Also known as the Malay Quarter, Bo Kaap is Cape Town’s colourful home of all things Cape Malay – just wander around on your own, exploring another fascinating culture in the city’s mosaic . . . pop into Atlas Trading for spices, or Biesmillah for a taste of Cape Malay cuisine. Love to cook? Ask us about booking a half-day tour and cooking lesson in Zaidie Misbach’s home. Visit the Bo Kaap Museum to see how the district evolved through the centuries, or for more background and history, take a free walking tour.
Bo Kaap: www.theculturetrip.com
Bo Kaap Museum: www.iziko.org.za
Kirstenbosch Botanical Gardens
You don’t need the slightest interest in things botanical to find a visit to the world-famous gardens fascinating – but if you are a keen horticulturalist, you’ll need to spend a couple of days. Renowned as one of the most diverse botanical collections in the world, Kirstenbosch contains over 7,000 species, including many rare and endangered. But there are also non-botanical attractions like the Boomslang – or Tree Canopy Walk, an elevated walkway through the trees that gives new meaning to the term “bird’s eye,” and a fabulous series of open-air evening concerts at the amphitheatre all summer long. It’s also the starting point for the Skeleton Gorge hike up the back-side of Table Mountain and a couple of other rewarding hikes. Get there by car, taxi or the Hop-on, Hop-off bus.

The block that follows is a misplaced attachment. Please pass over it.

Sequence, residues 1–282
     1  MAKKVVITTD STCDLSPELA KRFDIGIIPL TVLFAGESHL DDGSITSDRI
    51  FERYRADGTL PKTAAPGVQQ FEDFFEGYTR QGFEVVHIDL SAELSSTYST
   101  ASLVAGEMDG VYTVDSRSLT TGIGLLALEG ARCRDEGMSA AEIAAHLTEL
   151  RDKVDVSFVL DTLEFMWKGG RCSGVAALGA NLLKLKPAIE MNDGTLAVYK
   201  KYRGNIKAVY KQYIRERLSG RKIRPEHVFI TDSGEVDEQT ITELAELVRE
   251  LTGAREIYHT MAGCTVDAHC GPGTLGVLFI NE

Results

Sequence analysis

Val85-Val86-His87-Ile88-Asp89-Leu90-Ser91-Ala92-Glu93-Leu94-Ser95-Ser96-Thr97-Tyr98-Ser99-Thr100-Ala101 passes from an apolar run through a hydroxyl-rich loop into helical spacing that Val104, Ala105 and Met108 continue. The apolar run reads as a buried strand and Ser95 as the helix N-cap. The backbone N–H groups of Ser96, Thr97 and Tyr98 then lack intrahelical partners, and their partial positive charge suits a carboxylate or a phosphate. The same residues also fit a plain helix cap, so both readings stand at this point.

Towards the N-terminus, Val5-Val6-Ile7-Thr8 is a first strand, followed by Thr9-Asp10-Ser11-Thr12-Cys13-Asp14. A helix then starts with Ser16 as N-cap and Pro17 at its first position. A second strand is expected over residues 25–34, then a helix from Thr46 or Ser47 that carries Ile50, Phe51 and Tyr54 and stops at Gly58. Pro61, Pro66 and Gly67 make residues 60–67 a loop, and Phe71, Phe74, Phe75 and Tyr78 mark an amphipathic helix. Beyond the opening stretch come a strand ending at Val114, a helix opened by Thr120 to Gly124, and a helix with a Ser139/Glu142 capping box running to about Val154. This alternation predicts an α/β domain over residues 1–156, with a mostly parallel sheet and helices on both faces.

Kirstenbosch Gardens: www.sanbi.org
Hop on, Hop off Bus: www.citysightseeing.co.za
If you don’t have time or transport to get to the Cape winelands in Stellenbosch, Paarl, Franschhoek or Durbanville, never fear: Cape Town has its own beautiful wine region tucked in on the rear slopes of Table Mountain and the Twelve Apostles range. The birthplace of the South African wine industry in 1685, Constantia is today home to eight wineries and produces some excellent white wines, blends and an award-winning sweet dessert wine in Vin de Constance (Klein Constantia). Get there by Uber, taxi or the Hop-on, Hop-off bus that offers a free wine tasting loop around a few wineries.
Constantia Winelands: www.constantiavalley.com
Constantia Wine Route: www.constantiawineroute.com
Although you may need to be brave to take the plunge and actually swim, Cape Town and surrounds offer a wealth of seaside options -- there are beaches to suit every mood. The four Clifton beaches are where locals go to sun and socialise, while gorgeous Camps Bay is a great place to watch the sun set, walk the beach and pop into a myriad of bars, restaurants or cafes for refreshment. But don’t miss beautiful Llandudno, the huge wild, empty stretch of Noordhoek or the chance to swim with penguins at Boulders Beach in Simons Town. Bloubergstrand is the place to go for kite surfing and some of the best views of Cape Town and Table Mountain, while Muizenberg, lying on the Indian Ocean seaboard, offers warmer water than that of other Atlantic Ocean beaches of the Cape peninsula, making it a favourite for swimmers and a great family beach.